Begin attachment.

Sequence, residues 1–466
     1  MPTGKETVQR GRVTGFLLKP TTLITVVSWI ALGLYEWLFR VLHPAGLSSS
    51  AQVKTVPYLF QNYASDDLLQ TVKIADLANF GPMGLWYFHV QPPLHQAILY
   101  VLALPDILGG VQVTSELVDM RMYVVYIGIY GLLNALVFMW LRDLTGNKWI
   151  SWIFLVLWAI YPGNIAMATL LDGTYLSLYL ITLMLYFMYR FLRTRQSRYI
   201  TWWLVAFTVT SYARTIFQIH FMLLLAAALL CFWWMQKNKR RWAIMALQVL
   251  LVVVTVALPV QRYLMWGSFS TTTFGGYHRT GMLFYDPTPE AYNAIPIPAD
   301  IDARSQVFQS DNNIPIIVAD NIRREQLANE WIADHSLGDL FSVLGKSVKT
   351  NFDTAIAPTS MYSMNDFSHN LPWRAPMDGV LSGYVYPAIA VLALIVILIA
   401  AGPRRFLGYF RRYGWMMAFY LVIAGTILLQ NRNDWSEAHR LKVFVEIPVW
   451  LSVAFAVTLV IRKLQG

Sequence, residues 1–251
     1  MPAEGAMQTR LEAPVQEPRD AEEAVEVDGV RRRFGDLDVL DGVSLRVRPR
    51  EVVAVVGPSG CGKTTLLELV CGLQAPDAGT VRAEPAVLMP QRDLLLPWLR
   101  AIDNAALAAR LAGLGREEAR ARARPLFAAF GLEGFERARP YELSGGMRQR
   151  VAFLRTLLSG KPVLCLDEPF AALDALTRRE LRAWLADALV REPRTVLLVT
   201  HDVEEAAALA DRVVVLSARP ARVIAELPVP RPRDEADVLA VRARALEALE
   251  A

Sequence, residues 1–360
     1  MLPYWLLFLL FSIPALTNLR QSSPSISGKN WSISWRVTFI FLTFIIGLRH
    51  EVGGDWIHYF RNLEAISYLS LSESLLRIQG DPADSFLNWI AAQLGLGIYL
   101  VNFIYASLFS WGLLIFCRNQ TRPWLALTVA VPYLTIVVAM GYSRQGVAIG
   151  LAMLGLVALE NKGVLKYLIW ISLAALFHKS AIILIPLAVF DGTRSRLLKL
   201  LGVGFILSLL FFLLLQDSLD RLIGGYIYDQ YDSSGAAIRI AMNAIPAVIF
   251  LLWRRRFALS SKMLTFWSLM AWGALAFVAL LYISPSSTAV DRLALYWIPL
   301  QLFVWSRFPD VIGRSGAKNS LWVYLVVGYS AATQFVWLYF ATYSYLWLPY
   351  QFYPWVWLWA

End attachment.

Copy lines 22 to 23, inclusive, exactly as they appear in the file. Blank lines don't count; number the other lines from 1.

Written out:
   101  VNFIYASLFS WGLLIFCRNQ TRPWLALTVA VPYLTIVVAM GYSRQGVAIG
   151  LAMLGLVALE NKGVLKYLIW ISLAALFHKS AIILIPLAVF DGTRSRLLKL